It appears that Elon Musk, the
new owner of Twitter, has a strategy to improve search on the platform, and acknowledged that "fixing search is a high priority."
On Saturday, Musk tweeted: "Search within Twitter reminds me of Infoseek in '98! That will also get a lot better pronto."
The tweet set off a firestorm of recommendations, such as the ability to "integrate an attachment to tweets strictly for links and citations," and integrating advanced Twitter Search into the main app.
"Only way to power search, many use it often, and it's a broken experience since it lives on its own IRL," tweeted Michael Miraflor. chief brand officer at Hannah Grey VC.
A Twitter designer, Andrea Conway, responded to Miraflor's tweet, writing: "totally agree. We've been working on it."
Carolina, who goes by the Twitter handle, @carolicek, wants a filter for tweets with links, photo, and video, language, and time range -- and to suggests showing ghost tweets, perhaps deleted in a lighter color. "Too much to ask if you could look for chronology/contexts tweets for that time/topic?" she wrote.
Senior research analyst at Baird Equity Research Colin Sebastian wrote and published a research note on his thoughts about Twitter's search capabilities in late October following the close the acquisition.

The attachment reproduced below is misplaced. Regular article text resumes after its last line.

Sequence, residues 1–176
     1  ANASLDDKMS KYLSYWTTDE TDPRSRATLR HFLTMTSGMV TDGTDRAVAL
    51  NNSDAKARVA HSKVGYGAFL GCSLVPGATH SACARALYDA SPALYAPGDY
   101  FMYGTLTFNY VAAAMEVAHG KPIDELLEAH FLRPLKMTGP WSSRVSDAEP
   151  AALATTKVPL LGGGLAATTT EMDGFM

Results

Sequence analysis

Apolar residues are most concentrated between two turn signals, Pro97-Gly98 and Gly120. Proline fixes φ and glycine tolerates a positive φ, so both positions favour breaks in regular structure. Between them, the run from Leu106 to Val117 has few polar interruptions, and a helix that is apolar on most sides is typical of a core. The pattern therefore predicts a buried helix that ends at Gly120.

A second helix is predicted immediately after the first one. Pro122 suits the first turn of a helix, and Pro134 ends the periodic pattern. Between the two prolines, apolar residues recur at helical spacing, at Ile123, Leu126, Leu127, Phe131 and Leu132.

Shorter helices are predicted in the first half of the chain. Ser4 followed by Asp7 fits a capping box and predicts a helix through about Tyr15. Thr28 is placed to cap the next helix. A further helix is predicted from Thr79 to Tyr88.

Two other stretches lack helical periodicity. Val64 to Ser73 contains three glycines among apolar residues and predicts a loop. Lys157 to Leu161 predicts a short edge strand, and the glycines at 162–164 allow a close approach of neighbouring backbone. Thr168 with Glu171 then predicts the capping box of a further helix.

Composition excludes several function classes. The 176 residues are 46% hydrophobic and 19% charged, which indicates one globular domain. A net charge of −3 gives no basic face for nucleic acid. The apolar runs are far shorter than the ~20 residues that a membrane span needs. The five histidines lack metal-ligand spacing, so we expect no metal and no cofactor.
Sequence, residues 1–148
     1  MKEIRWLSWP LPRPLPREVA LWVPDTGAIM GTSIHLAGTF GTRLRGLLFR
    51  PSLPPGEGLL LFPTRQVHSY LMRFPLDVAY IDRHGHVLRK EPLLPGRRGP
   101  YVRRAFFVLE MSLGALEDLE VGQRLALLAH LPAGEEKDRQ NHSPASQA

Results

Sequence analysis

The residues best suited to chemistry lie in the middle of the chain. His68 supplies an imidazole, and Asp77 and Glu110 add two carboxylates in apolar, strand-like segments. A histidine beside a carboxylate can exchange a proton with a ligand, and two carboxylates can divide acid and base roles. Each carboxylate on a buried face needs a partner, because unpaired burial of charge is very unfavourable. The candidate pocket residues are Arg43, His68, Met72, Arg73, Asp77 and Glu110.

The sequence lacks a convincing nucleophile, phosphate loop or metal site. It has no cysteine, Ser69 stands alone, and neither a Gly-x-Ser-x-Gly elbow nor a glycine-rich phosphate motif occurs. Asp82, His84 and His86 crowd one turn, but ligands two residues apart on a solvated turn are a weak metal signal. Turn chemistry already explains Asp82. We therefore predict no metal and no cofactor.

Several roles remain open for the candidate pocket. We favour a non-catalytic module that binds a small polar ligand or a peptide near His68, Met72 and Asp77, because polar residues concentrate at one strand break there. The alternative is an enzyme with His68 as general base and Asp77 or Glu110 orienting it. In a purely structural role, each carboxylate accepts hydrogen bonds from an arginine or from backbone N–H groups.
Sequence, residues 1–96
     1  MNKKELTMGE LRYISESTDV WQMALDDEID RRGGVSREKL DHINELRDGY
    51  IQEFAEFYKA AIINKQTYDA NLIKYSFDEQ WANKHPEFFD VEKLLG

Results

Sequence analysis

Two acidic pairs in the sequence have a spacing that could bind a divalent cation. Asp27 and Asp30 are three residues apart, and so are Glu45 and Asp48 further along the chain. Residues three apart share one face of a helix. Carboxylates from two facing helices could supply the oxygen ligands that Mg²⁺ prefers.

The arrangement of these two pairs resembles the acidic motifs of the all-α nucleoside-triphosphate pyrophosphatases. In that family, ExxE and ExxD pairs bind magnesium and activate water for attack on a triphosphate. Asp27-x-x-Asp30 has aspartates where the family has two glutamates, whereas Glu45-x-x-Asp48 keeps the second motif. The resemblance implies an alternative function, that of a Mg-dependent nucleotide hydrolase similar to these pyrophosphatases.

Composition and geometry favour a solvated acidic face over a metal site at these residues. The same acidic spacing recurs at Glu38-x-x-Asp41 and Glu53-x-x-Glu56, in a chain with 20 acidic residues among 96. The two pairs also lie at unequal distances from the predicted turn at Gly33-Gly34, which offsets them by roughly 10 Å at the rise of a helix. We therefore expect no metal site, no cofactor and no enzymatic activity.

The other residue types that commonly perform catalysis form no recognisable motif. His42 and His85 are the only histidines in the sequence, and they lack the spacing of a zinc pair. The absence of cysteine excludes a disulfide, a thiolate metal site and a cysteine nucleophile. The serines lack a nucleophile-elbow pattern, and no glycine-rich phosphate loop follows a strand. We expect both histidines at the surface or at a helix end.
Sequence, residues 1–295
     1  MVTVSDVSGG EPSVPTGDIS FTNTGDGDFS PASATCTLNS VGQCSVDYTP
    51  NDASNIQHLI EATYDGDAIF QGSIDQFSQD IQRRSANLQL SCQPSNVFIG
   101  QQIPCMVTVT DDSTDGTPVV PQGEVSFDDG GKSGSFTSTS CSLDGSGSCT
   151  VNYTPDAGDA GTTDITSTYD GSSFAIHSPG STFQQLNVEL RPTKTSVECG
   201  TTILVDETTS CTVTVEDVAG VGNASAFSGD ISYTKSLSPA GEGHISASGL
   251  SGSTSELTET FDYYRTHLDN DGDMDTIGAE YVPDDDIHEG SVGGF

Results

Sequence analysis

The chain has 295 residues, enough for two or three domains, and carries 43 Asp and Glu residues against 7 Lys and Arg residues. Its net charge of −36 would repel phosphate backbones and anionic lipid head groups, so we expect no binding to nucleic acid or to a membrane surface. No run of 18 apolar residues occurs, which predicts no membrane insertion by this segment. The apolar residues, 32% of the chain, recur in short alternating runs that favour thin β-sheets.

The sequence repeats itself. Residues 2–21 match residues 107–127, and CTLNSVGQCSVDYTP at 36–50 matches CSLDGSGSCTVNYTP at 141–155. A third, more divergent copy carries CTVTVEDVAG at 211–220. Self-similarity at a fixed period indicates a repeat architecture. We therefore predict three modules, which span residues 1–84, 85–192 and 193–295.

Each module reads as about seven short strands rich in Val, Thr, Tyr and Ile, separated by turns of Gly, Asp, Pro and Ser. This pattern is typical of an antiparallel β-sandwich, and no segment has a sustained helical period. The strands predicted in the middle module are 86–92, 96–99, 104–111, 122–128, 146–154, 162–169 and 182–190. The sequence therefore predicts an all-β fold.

“Twitter is a unique real-time digital broadcast platform,” Sebastian wrote. “The potential as a search engine is huge, and mostly unrecognized, except perhaps by Google, which has licensed Twitter content.”
There has also been an unfavorable response to Musk's purchase of Twitter. Searches globally for “How to delete Twitter” rose by 500% in the week from October 24 to October 31, 2022.
The worst, Insider reports, is that Twitter employees continue to flood the forum Blind with bad — and some good — reviews about the company and its new CEO. The community app gives employees a place to anonymously write reviews and post about their workplaces.
Most of the 953 reviews, written since 2020, were written and posted before the mass layoff on Friday.
The change in ownership continues to change who uses it and who doesn’t. Florida Governor Ron DeSantis gained more than 96,000 followers in just a couple of days, while Barack Obama lost more than 300,000, according to the Observer.
Twitter also began advertising the launch of its paid subscription service that includes a blue check mark to authenticate the user in Apple's app store on Saturday.
Android phones will come next. Users will now need to pay $7.99 monthly for the company’s blue checkmark on the platform if they want to be verified.